Sepp Blatter Reelected as FIFA President Amidst Corruption Scandal

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From left, Prince Ali Bin Al-Hussein in London, Feb. 3, 2015, and FIFA President Sepp Blatter in Zurich Sept. 26, 2014. Reuters

On Friday morning, 209 delegates gathered at the 65th FIFA Congress in Zurich. At the event, they voted whether to keep existing president Sepp Blatter or elect the challenger, Prince Ali bin al-Hussein.

After the first round of voting, there was no clear winner, as neither received the necessary two thirds majority vote to win. Prince Ali received 73 votes and Blatter received 133. In such a case, the vote would have gone to a second round. However, Prince Ali withdrew his bid after receiving 40 fewer votes than Blatter.

As a result, Blatter became president once again. He will serve in the role for the next four years. "I will be in command of this boat called FIFA and we will bring it back," Blatter said after winning the election. He added: "I am now the president of everybody!"

FIFA has been shrouded in controversy after a U.S. Justice Department investigation unveiled a 24-year corruption scheme involving bribery, wire fraud and money laundering. In total, 14 people, all officials or marketers of FIFA, were indicted.

Prince Ali, the Prince of Jordan, is half Blatter's age and stood on a platform in many ways the opposite of Blatter's. His brother is King Abdullah. Had he been elected, the Prince would have served only one term. Blatter has served as president for 17 years.

While campaigning for president of FIFA, the Prince advocated for change and transparency. As vice president of FIFA, the Prince pushed for transparency of the 2018 and 2022 World Cups, both controversial events and nation selections.

"Nothing in life can exist without hope... Change is not an event, it is a process. It will take a committed leader to fix the mess we are in," Prince Ali said ahead of the vote.

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A FIFA laywer (L) talks with FIFA President Sepp Blatter on a point of procedure after a Palestinian Football Association request at the 65th FIFA Congress in Zurich, Switzerland, May 29, 2015. R Ruben Sprich/Reuters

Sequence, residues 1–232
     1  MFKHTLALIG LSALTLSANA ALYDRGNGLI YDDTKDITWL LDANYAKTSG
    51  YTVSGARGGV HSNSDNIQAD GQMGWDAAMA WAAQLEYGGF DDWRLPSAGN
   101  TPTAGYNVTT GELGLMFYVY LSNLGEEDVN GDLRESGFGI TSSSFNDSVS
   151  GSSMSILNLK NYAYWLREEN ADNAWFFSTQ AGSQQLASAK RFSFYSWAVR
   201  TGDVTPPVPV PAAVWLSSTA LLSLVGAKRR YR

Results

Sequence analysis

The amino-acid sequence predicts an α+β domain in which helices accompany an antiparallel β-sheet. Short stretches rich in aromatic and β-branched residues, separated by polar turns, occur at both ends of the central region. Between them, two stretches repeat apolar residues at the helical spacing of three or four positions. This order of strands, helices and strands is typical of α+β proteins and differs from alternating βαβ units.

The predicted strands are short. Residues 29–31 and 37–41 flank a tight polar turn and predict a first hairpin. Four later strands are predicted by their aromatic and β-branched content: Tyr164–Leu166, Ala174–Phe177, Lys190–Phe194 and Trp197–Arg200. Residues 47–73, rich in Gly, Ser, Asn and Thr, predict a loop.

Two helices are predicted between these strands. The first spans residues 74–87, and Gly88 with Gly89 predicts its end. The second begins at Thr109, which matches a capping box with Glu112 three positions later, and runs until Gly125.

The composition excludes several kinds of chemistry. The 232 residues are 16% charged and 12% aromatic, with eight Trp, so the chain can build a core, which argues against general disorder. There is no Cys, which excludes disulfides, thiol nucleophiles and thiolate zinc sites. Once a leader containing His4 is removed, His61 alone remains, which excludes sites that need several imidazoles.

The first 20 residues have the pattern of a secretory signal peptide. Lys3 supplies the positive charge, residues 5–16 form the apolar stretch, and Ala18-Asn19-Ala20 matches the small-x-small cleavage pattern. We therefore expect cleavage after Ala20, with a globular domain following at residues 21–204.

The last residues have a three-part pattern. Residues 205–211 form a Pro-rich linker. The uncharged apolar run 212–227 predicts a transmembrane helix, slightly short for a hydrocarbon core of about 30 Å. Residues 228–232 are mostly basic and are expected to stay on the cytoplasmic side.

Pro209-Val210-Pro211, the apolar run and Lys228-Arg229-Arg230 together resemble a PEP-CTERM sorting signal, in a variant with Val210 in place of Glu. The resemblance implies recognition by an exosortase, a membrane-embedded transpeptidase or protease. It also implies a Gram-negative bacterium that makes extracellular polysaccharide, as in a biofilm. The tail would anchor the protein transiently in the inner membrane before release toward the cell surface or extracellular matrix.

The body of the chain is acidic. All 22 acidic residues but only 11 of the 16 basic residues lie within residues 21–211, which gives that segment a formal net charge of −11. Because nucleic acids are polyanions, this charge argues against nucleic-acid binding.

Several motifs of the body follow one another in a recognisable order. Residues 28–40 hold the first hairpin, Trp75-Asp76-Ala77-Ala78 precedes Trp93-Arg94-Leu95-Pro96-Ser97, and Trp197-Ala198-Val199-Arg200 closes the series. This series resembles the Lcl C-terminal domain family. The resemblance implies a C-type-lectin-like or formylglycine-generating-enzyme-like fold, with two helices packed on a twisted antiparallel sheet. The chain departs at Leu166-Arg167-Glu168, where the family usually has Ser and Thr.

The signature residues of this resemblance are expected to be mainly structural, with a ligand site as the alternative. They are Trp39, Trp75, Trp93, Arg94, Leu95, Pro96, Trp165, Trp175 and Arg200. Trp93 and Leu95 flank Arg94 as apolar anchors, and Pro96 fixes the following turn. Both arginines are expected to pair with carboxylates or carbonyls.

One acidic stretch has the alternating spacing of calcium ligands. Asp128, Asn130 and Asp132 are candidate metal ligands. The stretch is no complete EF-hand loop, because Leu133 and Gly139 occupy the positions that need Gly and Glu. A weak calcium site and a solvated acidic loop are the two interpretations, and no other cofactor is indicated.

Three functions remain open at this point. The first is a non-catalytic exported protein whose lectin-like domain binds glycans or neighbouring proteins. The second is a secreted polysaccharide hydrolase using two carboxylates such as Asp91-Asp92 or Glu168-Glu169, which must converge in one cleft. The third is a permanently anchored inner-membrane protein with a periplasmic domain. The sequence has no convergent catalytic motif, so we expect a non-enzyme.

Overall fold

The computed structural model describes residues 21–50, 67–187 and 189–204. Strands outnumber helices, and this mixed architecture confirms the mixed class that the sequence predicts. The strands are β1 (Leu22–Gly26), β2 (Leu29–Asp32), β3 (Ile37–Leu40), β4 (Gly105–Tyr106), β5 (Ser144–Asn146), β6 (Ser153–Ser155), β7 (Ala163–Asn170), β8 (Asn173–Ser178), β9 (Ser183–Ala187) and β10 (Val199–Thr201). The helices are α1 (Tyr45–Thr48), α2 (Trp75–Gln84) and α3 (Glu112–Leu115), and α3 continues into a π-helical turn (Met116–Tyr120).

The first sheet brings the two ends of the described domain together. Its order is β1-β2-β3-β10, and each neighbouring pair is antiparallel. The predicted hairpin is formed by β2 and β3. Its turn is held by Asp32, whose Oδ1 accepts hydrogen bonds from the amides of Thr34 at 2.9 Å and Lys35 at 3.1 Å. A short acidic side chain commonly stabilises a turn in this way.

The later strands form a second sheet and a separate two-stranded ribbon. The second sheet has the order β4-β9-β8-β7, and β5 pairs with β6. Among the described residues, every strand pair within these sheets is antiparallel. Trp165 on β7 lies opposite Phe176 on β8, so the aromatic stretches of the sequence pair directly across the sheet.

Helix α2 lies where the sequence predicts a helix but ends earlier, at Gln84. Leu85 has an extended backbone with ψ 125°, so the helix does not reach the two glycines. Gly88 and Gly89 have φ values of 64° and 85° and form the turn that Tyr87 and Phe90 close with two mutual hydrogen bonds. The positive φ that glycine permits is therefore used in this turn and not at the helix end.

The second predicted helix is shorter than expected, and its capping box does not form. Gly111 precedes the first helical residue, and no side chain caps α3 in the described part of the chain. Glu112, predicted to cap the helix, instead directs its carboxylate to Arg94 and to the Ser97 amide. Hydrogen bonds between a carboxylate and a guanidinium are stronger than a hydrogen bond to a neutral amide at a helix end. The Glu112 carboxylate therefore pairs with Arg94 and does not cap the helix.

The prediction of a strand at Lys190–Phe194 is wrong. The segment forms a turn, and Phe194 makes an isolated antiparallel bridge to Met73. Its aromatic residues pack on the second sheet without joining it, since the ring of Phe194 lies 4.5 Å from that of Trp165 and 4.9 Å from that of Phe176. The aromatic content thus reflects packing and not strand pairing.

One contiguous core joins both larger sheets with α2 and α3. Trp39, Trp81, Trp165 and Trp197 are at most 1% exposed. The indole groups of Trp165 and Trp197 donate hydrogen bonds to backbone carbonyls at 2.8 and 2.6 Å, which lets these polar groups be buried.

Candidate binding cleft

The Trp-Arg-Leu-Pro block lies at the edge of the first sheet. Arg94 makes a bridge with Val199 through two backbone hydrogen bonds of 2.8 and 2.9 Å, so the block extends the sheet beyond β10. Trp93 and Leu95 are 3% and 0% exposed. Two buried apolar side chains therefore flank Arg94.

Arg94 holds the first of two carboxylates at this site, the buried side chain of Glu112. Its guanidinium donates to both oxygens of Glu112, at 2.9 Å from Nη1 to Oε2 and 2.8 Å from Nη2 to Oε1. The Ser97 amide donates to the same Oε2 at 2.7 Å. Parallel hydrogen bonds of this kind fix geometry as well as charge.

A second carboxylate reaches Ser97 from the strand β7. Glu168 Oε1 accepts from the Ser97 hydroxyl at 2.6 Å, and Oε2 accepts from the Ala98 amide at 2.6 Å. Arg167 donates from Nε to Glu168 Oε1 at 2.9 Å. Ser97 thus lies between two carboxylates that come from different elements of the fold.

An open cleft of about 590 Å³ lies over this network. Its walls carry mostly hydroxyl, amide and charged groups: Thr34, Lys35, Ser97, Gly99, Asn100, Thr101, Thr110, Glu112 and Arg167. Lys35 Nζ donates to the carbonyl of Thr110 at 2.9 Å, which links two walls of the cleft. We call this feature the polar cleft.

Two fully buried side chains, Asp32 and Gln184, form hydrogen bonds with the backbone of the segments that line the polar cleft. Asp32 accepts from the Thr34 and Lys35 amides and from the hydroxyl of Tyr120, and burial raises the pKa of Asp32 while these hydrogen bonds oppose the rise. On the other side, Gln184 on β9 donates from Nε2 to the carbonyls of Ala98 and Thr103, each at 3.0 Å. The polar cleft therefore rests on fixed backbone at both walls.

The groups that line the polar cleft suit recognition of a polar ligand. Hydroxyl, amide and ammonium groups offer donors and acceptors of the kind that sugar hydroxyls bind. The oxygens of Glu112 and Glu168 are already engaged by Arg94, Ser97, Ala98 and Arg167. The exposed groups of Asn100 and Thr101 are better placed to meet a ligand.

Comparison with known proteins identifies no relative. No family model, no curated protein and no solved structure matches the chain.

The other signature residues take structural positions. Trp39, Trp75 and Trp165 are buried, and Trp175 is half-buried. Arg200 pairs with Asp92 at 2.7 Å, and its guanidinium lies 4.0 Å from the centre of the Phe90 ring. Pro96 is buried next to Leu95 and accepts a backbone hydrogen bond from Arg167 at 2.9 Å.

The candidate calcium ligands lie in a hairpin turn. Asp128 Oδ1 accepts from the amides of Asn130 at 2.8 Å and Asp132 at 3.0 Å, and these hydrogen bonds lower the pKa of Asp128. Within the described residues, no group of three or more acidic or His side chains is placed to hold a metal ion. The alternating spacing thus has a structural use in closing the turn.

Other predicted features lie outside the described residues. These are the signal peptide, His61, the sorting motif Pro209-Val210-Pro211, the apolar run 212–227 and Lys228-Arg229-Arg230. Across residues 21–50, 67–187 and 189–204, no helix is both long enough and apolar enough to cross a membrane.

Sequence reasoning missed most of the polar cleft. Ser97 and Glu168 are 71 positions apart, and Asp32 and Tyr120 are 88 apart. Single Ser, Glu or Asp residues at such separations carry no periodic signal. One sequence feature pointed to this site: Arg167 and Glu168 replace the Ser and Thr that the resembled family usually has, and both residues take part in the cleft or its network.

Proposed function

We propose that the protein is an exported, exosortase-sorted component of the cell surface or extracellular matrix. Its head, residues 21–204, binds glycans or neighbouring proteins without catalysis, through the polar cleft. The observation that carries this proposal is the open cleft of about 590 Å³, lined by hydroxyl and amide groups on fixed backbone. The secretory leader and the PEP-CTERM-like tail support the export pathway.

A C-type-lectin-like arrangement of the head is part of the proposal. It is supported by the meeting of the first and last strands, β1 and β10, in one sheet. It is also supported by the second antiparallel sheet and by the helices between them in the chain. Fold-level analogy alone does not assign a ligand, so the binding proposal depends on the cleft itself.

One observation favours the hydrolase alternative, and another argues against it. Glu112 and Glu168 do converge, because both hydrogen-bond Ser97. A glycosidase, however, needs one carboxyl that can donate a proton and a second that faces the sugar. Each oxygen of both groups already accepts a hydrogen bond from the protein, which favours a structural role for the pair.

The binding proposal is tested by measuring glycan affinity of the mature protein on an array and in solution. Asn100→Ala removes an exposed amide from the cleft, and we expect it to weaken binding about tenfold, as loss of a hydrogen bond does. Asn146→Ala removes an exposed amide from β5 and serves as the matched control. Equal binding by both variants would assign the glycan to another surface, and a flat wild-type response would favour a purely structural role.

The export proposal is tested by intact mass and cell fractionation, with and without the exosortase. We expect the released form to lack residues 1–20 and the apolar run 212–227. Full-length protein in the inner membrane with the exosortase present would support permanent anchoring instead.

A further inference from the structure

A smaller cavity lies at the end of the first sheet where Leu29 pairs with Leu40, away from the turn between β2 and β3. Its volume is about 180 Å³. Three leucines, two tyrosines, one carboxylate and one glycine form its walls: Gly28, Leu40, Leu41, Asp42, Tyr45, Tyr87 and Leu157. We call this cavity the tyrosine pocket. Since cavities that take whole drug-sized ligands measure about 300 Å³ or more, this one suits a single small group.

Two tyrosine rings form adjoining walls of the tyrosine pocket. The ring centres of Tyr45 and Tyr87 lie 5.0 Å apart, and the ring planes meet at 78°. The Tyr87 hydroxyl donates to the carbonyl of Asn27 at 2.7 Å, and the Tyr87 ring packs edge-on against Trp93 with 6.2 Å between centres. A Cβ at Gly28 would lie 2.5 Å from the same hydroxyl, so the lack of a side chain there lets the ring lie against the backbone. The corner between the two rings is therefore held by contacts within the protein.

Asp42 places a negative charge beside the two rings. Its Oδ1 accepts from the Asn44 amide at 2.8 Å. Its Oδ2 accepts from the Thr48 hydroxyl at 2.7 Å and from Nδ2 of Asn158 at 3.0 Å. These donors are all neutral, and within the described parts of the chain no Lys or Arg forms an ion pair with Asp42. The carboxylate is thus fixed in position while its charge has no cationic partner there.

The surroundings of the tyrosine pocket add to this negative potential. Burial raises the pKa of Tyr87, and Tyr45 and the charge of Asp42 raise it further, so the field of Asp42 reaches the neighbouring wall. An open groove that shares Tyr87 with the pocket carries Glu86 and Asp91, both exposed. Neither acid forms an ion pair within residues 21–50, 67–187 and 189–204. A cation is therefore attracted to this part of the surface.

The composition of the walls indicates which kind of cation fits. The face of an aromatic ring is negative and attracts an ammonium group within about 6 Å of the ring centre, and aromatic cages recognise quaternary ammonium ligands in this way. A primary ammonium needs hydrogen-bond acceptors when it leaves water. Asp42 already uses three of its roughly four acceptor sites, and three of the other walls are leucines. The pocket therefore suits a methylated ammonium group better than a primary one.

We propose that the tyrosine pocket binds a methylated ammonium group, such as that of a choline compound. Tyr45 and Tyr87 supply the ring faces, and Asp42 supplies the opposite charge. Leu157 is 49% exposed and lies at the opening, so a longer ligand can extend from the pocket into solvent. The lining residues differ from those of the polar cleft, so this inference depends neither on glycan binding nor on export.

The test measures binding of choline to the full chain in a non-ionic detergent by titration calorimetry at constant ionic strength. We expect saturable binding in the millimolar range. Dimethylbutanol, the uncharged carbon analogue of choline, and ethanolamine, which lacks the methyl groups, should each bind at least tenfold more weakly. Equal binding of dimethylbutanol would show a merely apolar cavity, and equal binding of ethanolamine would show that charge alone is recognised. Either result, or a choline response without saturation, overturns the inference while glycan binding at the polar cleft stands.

Prior to the vote, Blatter emphasized his desire to maintain the status quo. "We don't need revolutions but we always need evolutions," Blatter said at the press conference preceding the vote. "I am being held accountable for the current storm. Okay, so be it. I will shoulder that responsibility."

During his speech, Blatter repeatedly stressed the need for an experienced president. "You know me already, you know who you are dealing with," he said. "I would quite simply just like to stay with you." Blatter received a round of applause for this comment.

He concluded: "If you want me, I thank you for it. Dear friends, football is more than a game, what football needs right now is a strong leader, an experienced leader, a leader that knows all of the ins and outs of the situation. I hope I'll be able to be with you in an hour or two. It is up to you."

The first vote began just after 11 a.m. Eastern Time. It concluded just before 12:30 p.m. The voting was arranged in alphabetical order and the ballots are secret.

Of the 209 total delegates, 54 come from Africa, 46 from Asia, 35 from North and Central Americas, 11 from Oceania and 10 from South America. Where as some nations belong in their entirety to FIFA, others are broken into territories. As the BBC explains, India receives the same voting power as Montserrat, a British territory with less than 5,000 residents.

The exact breakdown of the votes as not available, as the vote was anonymous.

In his acceptance speech, Blatter said he hopes to leave FIFA to his successor in better shape, rid of the many issues it is currently dealing with. He concluded his speech by chanting "Let's go FIFA!"

Sepp Blatter Reelected as FIFA President Amidst Corruption Scandal | World